9   +   8   =  

Before going into further detail about the myriad of emotions resulting from reading this unforgettable debut from Argentinian writer Agustina Bazterrica, I think it’s worth flagging from the outset that Tender is the Flesh is likely the most horrifying book I have ever read. There will be many who may find the subject matter too much for their tastes (pun.. intended?) and to be fair to Bazterrica, it’s not long into the book before you’re made fully aware of what that subject matter may be. For those that continue, you will be rewarded, if that’s the right word, with a shocking, haunting story that will linger in your mind long after finishing. Particularly on your next wander down the meat aisle at the supermarket…

The story opens with an introduction to our protagonist, Marcos, and his job at an abattoir. It’s a profession that would need a steady mind at the best of times, and only more so upon the reveal that the livestock being processed into meat are not pigs or cattle but purpose-bred humans. The reader is given hints as to what has led to this dystopian of futures – a virus that has infected animals, leading to a worldwide demand for meat with no supply, until the only apparent sensible option seemed to be to breed humans for the job instead.

Marcos is particularly adept in his position, his apparent lack of emotion and detachment enabling him to walk through the daily horror of his job unaffected. Subsequent enlightenments into his past give a better understanding as to his current character, his sheen of respectability only broken when he is gifted a female ‘specimen’, i.e a human destined for eating, who he instead decides to keep – illegally – alive in his home and grows increasingly affectionate towards.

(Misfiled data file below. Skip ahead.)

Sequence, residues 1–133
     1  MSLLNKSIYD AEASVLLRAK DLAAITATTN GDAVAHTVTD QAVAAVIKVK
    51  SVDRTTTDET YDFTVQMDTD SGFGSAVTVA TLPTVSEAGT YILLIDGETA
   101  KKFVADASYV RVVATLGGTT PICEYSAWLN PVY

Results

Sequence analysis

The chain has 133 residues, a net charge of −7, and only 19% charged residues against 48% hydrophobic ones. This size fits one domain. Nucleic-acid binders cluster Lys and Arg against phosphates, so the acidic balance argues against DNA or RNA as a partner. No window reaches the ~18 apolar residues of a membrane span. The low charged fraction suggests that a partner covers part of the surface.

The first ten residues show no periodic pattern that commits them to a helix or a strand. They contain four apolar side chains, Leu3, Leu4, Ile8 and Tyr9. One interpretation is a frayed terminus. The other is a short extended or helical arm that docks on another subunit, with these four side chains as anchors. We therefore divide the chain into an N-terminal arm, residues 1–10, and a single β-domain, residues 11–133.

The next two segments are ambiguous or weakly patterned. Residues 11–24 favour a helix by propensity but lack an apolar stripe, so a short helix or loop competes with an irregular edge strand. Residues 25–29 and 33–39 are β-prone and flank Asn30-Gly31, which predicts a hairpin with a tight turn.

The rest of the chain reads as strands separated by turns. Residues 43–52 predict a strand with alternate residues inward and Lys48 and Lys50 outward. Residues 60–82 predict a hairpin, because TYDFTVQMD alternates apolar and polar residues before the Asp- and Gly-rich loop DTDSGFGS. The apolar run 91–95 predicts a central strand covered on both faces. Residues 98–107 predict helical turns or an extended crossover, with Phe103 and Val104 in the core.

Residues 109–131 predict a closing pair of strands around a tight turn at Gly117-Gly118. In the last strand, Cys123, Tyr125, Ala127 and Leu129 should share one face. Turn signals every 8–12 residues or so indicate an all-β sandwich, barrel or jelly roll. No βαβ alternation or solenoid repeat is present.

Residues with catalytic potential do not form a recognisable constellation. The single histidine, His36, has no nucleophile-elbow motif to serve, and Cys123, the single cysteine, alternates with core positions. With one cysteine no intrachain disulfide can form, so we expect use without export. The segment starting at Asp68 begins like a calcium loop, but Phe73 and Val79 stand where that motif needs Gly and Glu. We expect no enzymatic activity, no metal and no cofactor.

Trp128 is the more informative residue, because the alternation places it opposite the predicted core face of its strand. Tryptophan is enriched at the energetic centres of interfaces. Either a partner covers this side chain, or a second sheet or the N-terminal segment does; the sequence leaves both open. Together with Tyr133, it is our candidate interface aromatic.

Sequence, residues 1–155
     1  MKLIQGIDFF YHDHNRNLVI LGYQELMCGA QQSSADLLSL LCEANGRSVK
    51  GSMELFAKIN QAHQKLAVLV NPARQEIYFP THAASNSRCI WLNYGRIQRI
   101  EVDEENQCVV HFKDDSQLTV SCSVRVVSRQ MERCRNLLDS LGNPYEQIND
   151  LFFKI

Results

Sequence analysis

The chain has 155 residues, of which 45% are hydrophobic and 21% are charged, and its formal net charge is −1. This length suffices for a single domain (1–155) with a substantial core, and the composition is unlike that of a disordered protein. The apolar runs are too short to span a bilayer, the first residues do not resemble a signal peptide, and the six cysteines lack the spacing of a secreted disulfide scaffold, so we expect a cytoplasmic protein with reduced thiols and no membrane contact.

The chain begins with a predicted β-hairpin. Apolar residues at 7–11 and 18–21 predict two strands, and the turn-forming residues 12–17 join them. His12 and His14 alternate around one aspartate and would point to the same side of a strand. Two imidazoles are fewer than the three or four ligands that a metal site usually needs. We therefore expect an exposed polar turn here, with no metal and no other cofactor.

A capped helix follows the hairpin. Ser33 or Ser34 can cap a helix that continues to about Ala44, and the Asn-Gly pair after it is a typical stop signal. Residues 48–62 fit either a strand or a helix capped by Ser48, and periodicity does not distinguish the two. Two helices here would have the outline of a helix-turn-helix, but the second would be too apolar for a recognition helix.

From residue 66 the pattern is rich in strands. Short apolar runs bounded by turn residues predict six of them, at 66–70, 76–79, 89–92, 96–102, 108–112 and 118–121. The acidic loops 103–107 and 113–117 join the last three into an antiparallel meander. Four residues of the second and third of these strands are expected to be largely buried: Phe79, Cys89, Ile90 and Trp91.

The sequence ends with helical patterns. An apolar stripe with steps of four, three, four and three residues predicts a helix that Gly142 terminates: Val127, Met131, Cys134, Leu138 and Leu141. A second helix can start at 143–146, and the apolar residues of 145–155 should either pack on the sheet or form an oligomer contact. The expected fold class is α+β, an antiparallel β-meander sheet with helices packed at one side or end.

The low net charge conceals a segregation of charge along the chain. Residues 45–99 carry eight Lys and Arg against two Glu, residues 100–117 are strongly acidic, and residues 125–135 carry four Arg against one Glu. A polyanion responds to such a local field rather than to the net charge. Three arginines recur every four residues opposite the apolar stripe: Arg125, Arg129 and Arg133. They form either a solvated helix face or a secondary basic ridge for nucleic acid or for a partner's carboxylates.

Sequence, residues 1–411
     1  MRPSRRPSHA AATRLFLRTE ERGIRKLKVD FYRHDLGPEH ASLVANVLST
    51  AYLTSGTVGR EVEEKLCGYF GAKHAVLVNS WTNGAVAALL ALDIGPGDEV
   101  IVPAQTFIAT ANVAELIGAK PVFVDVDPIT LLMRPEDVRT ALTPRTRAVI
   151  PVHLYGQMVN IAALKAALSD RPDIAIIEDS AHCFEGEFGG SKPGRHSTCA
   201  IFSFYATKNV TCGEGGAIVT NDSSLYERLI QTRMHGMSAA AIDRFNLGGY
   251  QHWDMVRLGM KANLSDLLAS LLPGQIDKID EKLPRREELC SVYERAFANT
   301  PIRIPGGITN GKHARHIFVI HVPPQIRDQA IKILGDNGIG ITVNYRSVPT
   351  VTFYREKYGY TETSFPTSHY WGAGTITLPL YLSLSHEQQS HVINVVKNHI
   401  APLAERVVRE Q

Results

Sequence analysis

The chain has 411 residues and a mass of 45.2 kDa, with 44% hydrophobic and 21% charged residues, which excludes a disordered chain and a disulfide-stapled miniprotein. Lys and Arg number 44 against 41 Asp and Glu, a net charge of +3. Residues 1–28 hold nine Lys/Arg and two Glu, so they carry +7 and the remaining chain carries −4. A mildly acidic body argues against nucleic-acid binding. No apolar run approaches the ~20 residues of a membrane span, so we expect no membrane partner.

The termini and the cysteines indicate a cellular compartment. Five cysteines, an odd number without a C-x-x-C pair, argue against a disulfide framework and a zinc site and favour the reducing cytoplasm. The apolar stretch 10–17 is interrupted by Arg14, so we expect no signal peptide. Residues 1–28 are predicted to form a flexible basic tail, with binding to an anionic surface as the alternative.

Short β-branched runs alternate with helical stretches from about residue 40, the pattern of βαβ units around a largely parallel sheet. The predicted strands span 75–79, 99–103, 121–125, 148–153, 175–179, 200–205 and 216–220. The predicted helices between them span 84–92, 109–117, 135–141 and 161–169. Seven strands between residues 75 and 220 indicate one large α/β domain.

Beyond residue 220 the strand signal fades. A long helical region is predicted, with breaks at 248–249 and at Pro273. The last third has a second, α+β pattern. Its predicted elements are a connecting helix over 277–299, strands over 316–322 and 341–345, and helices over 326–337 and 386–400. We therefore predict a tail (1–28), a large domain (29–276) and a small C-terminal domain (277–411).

For some, the premise may seem initially ludicrous, as well as revolting, but it’s the power of Bazterrica’s initially bland style – her deadpan descriptions of unspeakable horrors alongside the monotony of Marcos’s lonely existence – that really rams the reality home. Because of course, it would not be the first time in history we have seen otherwise seemingly gentle people oversee and manage horrors enacted on other humans, or seen people treated as equal to, or less than, animals. It is certainly not the first time we would have seen humans traded and weighed up like cattle, and these horrors are as present today as they were in history.

Bazterrica doesn’t overstress these points, but leaves you to join the dots yourself, so the book never feels like it’s preaching. Same too, in the possible opportunities there would have been to make points about the current meat industry. Offering descriptions of cuts of meat and the act of cooking and presenting them apathetically is a particularly jarring cognitive experience for any meat eater. Yes you are disgusted, but is that just because what is being described is human meat, or because of the knowledge that this exact same process is enacted daily in factory farms around the world?

Indeed, Bazterrica’s homeland of Argentina provides the perfect setting for this disturbing tale, particularly the empty plains that surround the capital of Buenos Aires, made further barren by the subsequent loss of the cattle ranches that have dominated the landscape for centuries. Descriptions of empty highways snaking through fields devoid of any wildlife only further emphasise Marcos’s loneliness and this lifeless dystopian future.

Tender is the Flesh is unflinching until the end, with a disturbing finale that leaves you as dazed as one of the poor specimens in the abattoir. Yet if you can stomach it, it’s well worth your time.

★★★★

Tender Is The Flesh is published by Pushkin Press on 6 February 2020

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